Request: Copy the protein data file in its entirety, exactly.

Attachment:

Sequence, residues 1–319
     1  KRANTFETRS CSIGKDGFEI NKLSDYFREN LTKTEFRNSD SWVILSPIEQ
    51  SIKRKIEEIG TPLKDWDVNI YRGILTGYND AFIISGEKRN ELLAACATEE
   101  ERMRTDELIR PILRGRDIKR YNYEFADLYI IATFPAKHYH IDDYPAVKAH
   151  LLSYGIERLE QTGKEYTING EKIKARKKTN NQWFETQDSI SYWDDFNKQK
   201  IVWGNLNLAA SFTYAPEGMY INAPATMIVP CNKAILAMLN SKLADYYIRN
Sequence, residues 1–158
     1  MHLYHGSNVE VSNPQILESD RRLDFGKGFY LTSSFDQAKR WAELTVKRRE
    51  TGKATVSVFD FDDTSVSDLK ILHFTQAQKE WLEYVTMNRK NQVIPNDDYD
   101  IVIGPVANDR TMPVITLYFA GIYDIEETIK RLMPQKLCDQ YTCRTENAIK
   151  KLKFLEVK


Sequence, residues 1–319
     1  KRANTFETRS CSIGKDGFEI NKLSDYFREN LTKTEFRNSD SWVILSPIEQ
    51  SIKRKIEEIG TPLKDWDVNI YRGILTGYND AFIISGEKRN ELLAACATEE
   101  ERMRTDELIR PILRGRDIKR YNYEFADLYI IATFPAKHYH IDDYPAVKAH
   151  LLSYGIERLE QTGKEYTING EKIKARKKTN NQWFETQDSI SYWDDFNKQK
   201  IVWGNLNLAA SFTYAPEGMY INAPATMIVP CNKAILAMLN SKLADYYIRN
Sequence, residues 1–158
     1  MHLYHGSNVE VSNPQILESD RRLDFGKGFY LTSSFDQAKR WAELTVKRRE
    51  TGKATVSVFD FDDTSVSDLK ILHFTQAQKE WLEYVTMNRK NQVIPNDDYD
   101  IVIGPVANDR TMPVITLYFA GIYDIEETIK RLMPQKLCDQ YTCRTENAIK
   151  KLKFLEVK